While I have not visited every single U.S. national park, I have visited a number of them. One of my favorite parks among those visited is Big Bend National Park in Texas. I have returned to this park more than any other, although that might have something to do with it being located in the state in which I currently live, despite the fact that it’s out in the middle of nowhere.
When offered a seat at the Big Bend Conservancy’s Dark Sky Dinner on January 16, I jumped at the chance. This dinner would be a “…signature Centennial event celebrating the National Park Service’s 100th Birthday,” as quoted from the Dark Sky Dinner flyer.
In 2012, the International Dark Sky Association awarded this national park with a Gold Tier status, representing a sky free of “all but the most minor impacts of light pollution.” The combination of low humidity and little-to-no light or air pollution makes Big Bend National Park a perfect setting for star gazing, even with the moon at first quarter as it was on the 16th. All of this, in turn, makes it ideal for capturing some night sky photography.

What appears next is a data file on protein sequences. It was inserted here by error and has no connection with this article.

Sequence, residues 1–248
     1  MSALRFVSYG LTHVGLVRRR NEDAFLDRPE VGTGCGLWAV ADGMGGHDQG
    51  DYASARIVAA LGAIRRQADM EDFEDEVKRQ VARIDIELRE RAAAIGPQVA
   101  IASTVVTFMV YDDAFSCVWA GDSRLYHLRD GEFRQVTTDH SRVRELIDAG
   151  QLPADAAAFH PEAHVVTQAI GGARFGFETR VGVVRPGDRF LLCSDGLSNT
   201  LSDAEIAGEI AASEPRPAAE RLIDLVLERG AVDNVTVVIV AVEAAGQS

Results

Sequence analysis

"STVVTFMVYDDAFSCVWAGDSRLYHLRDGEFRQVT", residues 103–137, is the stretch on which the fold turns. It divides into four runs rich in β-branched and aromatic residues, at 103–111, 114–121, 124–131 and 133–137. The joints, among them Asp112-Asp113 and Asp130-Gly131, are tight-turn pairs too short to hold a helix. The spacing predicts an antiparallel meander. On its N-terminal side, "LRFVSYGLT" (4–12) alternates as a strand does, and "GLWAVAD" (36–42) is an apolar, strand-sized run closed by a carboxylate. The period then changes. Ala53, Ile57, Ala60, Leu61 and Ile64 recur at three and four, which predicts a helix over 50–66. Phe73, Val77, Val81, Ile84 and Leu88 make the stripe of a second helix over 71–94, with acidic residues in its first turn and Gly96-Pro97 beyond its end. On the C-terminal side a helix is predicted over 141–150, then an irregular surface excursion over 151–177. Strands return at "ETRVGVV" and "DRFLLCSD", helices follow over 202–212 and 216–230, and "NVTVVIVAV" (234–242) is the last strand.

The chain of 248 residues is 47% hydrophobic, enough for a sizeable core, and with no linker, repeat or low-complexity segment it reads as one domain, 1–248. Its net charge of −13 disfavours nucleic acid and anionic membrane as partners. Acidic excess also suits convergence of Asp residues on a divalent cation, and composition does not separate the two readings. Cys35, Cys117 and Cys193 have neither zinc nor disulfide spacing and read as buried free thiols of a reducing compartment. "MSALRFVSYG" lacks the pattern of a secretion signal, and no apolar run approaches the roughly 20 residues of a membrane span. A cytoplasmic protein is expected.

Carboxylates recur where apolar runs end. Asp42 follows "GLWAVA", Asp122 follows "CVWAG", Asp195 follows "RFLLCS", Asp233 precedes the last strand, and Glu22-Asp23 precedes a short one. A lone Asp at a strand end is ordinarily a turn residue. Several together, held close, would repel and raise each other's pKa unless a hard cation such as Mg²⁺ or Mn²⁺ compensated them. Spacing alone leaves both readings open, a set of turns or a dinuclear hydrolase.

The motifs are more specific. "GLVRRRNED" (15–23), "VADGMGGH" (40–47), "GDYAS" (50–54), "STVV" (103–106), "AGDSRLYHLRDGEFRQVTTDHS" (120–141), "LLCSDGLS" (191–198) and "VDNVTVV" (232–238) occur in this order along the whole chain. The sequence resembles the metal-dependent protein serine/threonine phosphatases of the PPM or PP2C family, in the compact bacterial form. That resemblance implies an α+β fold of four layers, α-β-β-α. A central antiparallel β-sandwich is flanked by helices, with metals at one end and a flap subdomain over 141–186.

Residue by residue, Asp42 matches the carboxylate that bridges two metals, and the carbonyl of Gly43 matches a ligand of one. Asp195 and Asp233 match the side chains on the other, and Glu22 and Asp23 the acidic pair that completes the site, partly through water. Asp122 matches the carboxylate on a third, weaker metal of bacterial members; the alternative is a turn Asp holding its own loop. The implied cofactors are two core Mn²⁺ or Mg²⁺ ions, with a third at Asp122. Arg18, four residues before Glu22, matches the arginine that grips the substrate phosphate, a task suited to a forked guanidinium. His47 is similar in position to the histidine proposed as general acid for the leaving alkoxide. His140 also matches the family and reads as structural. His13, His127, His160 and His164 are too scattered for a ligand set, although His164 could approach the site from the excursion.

I departed for the park a couple of days prior to the dinner, flying from Houston to Midland then driving the two-plus hours to Marathon, located 70 miles north of the park’s Persimmon Gap entrance. The last two times I visited Big Bend, I drove my own car from home for a total of 13 hours, one way, from one end of the state to the other, basically. Arriving at Marathon, I stayed a couple of nights before transferring myself, camera gear, and luggage to the Chisos Mountains Lodge for that evening’s dinner. The lodge is the only brick-and-mortar accommodation within this vast park and one must make reservations months ahead of time to be guaranteed a room.